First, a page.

To see the Moon, you'll need a good Eastern horizon. How good? One with less than 3 degrees of obstruction. To simulate this, hold two fingers vertically at arm's length to simulate 3 degrees. Hint: if you can't think of a good location off-hand, scout out one during the day. Location found, arrive there just before sunrise and start looking with optical aid, even a pair of cheap 7x50 binoculars will work here. The bad news: you'll have to hurry because, as soon as the Sun clears the horizon, you can forget about seeing the Moon.

Additionally, Venus is nearby and can serve as a useful finder to help locate the Moon, too. 

Tuesday, April 5, 2016

Tonight's Sky for April 5: Mercury at Perihelion

Today, Mercury is as close as it will ever to from the Sun thanks to the fact that it is at perihelion, a point in its orbit that is closest to Sun.

What many people may not realize is the fact that Mercury (and all other celestial bodies) do not orbit their parent bodies in circles, but ellipses, which are slightly elongated circles. Result: any given day of an orbital period, any orbiting body will be at a slightly different distance from its parent body. As for those planetary distances taught in schools, they're the planet's average distance from the Sun.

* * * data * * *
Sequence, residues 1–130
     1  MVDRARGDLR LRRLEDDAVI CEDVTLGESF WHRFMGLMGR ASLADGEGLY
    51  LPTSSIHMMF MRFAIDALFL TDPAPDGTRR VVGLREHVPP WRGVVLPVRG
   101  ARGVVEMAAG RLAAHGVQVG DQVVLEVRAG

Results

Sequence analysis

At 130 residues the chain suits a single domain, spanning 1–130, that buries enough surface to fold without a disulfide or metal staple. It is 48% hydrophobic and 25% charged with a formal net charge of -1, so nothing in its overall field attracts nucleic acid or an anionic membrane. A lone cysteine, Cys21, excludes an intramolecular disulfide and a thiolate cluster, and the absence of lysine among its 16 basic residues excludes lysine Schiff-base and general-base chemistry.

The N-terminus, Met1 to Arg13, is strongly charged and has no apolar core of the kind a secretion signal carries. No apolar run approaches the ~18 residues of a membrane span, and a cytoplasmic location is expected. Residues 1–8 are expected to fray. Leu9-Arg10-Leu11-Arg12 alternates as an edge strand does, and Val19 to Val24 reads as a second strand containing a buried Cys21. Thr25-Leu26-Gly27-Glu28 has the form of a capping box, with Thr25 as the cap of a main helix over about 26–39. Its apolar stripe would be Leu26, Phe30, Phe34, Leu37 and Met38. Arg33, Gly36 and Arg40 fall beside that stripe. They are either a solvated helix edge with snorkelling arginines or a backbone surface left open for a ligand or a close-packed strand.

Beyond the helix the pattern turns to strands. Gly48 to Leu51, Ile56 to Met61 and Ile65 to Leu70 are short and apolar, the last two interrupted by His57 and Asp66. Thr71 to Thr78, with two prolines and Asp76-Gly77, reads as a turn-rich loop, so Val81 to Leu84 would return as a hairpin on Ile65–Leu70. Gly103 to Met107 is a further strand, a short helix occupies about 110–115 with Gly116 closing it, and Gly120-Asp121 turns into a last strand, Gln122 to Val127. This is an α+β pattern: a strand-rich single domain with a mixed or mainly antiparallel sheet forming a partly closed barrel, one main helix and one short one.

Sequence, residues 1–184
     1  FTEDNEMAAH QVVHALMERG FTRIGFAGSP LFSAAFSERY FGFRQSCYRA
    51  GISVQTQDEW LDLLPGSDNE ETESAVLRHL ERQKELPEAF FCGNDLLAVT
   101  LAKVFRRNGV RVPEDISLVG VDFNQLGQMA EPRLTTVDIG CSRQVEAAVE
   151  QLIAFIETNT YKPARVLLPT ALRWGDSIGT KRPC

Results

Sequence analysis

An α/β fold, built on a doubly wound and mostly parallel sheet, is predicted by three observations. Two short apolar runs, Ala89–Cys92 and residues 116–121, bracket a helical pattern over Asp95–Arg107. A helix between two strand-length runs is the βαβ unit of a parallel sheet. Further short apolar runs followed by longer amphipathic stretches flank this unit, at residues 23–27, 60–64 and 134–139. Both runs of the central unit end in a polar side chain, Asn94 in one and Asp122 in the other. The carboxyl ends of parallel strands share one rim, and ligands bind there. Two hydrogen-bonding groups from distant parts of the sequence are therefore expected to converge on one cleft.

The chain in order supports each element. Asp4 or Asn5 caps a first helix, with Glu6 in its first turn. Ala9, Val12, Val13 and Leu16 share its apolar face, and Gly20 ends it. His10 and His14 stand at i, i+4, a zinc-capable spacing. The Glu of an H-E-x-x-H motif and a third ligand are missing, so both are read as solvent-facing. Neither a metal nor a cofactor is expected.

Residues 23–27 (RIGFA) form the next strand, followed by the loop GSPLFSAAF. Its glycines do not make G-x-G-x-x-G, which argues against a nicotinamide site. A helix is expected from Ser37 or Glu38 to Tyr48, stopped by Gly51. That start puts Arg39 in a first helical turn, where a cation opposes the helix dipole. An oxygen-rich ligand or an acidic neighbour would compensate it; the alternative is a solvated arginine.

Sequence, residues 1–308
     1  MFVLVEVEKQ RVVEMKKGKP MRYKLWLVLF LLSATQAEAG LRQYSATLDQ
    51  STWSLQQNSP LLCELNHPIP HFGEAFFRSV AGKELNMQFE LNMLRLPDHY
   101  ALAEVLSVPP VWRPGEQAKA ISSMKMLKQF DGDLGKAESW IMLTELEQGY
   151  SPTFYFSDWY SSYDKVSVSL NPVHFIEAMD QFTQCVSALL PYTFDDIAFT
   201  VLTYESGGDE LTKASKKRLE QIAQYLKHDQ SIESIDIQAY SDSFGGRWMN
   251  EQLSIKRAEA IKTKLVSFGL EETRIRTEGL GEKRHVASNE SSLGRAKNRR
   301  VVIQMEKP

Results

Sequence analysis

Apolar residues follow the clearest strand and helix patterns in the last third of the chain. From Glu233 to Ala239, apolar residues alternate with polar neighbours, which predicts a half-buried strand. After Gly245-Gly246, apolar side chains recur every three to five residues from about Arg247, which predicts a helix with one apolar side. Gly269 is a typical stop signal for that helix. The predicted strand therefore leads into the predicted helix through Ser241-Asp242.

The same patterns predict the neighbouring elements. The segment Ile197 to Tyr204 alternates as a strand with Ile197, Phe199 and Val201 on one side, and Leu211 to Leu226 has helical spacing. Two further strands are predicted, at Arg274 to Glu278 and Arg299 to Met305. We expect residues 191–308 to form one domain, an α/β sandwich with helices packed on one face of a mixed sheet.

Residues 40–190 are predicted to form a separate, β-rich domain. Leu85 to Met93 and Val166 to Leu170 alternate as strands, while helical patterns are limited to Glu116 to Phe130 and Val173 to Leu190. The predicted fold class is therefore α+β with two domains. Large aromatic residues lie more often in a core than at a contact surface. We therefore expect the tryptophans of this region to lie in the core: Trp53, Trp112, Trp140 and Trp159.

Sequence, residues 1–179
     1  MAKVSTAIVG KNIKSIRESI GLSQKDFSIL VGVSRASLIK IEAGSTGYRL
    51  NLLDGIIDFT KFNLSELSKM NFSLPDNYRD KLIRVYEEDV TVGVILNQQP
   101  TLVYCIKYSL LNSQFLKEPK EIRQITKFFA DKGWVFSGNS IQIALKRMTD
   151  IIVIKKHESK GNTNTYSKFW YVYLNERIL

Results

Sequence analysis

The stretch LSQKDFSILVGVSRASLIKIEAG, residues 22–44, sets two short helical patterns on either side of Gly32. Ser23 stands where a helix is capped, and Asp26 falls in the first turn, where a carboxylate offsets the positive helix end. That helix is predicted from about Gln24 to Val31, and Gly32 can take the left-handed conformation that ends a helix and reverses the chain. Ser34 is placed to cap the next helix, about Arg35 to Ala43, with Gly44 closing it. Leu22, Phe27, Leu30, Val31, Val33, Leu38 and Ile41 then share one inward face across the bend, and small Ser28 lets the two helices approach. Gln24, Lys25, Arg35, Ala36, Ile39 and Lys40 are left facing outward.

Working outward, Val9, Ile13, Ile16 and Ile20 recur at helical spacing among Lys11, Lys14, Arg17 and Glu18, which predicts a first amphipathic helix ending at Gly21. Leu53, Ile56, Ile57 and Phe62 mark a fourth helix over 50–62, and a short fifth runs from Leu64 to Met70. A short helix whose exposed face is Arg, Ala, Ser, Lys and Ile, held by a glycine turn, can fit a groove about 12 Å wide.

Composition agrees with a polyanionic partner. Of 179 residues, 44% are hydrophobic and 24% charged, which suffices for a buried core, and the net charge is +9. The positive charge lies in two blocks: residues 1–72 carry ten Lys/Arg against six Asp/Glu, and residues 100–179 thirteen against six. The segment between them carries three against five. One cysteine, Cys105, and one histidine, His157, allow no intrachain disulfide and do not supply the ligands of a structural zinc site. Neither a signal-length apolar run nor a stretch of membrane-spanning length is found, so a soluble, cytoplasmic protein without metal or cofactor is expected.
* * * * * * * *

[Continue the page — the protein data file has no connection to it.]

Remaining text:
Additionally, Mercury is as fast as it will get today, too. Why is this? As a planet locked in an orbit gets closer to the Sun, the Sun's gravitational force on the planet increases and the planet will speed up. Then, as the planet rounds the perihelion point and begins to move farther away from the Sun, its speed will decrease as the distance to the Sun increases, culminating at minimum speed at, you guessed it, aphelion. This fact was first discovered in the early 1600s by Johannes Kepler and serves as his 2nd law of planetary motion.  

Monday, April 4, 2016

Tonight's Sky for April 4: Project Ozma Begins (1960)

It was on this date in 1960 that the first search for alien radio signals commenced. Working at the Green Bank Radio Observatory, a then-29 year old Frank Drake was inspired to point a radio telescope at Sun-like stars after reading a paper in the journal Nature that speculated that radio signals from an alien civilization could be detected with radio telescopes on Earth. For his project, Drake pointed an 85-foot radio dish at two stars for 6 hours a day from April to July, 1960, with no results. While modest, this first search for extraterrestrial intelligence (SETI) would lead to much bigger, more ambitious searches that continue to the present.